Message from the Chair
Dear Friend of The Belk Foundation,
A $40,000 grant will expand the successful WINGS for Kids program from Charleston to Atlanta.
The Belk Foundation’s fiscal year came to a close May 31. It is hard to believe that another year has come and gone. While we have learned a lot, the sands are constantly shifting in the public education reform movement. We are increasingly aware of how the environment - from school boards to public budgets to political campaigns - affects the progress that our grantee partners are trying to achieve with students. Considering risks, and trying our best to foresee and plan for them, will have an increased presence in our discussions as we consider investments.
In our FY12, the Foundation invested over $2.4 million in our communities. We are proud of the work that our ongoing grantee partners continue to do and are inspired by some new relationships that we formed this past year. One such relationship is with WINGS for Kids
, a successful after school program founded in Charleston, SC that is expanding to Fulton County, GA this coming fall in part due to a seed grant from the Foundation. WINGS is not an average after school program - its curriculum focused on developing social and emotional intelligence and strong results-orientation caught the eye of the University of Virginia’s Curry School of Education, which awarded WINGS with a $2.8 million study aimed at scientifically measuring the program’s impact and effectiveness. We’re excited about the involvement WINGS will have in the lives of Fulton children and what we’ll learn through their research.
This past year marked a first for the Belk Foundation. Seeing an opportunity to focus on out of school time in Birmingham, AL, we worked with the National Summer Learning Association
to convene a community-wide effort around summer learning. This year-long initiative brought together over two dozen community and education leaders to discuss both the opportunities and barriers to increasing quality summer learning for Birmingham children, resulting in a community action plan
. The NSLA also conducted a resource scan
of current providers and how well they are meeting quality standards and accessing available resources such as the Federal Summer Food Service. On April 26, over 70 community leaders met to learn the findings and hear from other
TBF Board Member Frank Matthews shakes the hand of a SpeakFirst student during the Foundation's visit to Birmingham.
cities, including Baltimore, MD, Providence, RI, and Indianapolis, IN, about how they have tackled summer learning loss and its effect on the achievement gap. We are so thankful to the NSLA, and especially to the Birmingham community members, for their dedication to this effort and their continued work to put this community plan into action.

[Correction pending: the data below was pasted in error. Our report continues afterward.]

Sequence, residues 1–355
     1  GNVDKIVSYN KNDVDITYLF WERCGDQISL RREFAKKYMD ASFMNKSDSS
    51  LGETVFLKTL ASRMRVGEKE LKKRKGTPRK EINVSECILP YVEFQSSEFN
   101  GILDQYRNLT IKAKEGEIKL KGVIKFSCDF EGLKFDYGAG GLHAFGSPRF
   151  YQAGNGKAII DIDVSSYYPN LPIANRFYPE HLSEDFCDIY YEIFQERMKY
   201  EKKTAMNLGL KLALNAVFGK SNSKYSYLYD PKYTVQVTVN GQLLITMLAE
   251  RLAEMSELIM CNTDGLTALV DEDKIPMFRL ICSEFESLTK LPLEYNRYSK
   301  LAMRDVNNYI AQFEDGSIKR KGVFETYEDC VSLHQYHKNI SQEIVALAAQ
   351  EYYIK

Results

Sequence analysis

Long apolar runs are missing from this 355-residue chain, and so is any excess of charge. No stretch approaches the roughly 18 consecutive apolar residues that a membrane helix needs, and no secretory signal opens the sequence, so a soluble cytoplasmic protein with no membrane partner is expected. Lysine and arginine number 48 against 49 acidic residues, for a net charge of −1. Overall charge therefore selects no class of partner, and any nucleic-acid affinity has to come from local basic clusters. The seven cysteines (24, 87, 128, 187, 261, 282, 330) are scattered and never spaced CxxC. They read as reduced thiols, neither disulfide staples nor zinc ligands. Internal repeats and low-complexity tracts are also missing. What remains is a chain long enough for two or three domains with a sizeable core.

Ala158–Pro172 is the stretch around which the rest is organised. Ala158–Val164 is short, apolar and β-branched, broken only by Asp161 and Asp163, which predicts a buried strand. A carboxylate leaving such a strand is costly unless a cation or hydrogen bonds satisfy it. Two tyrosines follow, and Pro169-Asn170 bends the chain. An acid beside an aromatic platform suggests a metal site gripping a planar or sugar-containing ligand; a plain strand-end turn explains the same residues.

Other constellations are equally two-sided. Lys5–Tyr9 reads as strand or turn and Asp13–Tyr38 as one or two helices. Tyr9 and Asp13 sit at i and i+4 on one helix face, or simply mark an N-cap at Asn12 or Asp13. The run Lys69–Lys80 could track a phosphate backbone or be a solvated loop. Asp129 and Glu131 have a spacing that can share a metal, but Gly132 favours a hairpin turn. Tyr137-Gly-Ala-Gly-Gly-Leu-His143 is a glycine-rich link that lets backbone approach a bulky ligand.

Another first for the Belk Foundation was to travel outside of Charlotte for our spring Board meeting. Recognizing the importance of “place” in the impact we try to make with our investments, the Foundation Board decided to travel to Birmingham in May for our spring meeting. Never wanting an opportunity to go to waste, we packed the agenda with meetings with grantees such as Impact Alabama’s Speak First
, the YWCA
, Better Basics
and UAB’s Children’s Creative Learning Center
. We also hosted a breakfast panel discussion with Dr. Craig Witherspoon, Superintendent of Birmingham City Public Schools, J.W. Carpenter, Executive Director of Teach For America Alabama
, Caroline Novak, Executive Director of A+ Education Partnership
, and Dr. Michael Froning, Executive Director of the Birmingham Education Foundation
. The Board enjoyed meeting so many of our partners in Birmingham who have welcomed our involvement and been such an incredible resource for us.
One truism that has held steady throughout has been that people matter: those who work with our children, lead the school district, and serve on the school boards can make or break the progress of education. This lesson has taught us to be increasingly mindful of our own board service to the Foundation. We are pleased that Peter Gorman, former Superintendent of Charlotte Mecklenburg Schools and current Senior Vice President of News Corps’ Education Division, joined our Board June 1.
TBF Board Chair Katie Morris reads to Freedom School Partners students at Montclaire Elementary School.
Pete brings with him an enormous amount of experience and national connections in education. We know we will benefit from his service.
When the Foundation committed to the new focus on education in 2010, we decided to evaluate our progress at the three-year mark. This year, we are taking a deep dive into lessons learned from our grants the past couple years and evaluating these strategies against research in the field. Next spring, our Board will “look back” in order to “look forward”. While we do not know yet how this evaluation will impact our strategy, we are committed to asking the hard questions and being as objective as possible. We feel a great responsibility to our communities to invest our dollars wisely and are looking forward to what this process has in store.
As always, we want our Foundation to have an open door. If you have any thoughts to share with us, we hope you will do so. Please go to our contact page to see how to get in touch with a member of our staff.
Katie B. Morris
Board Chair, The Belk Foundation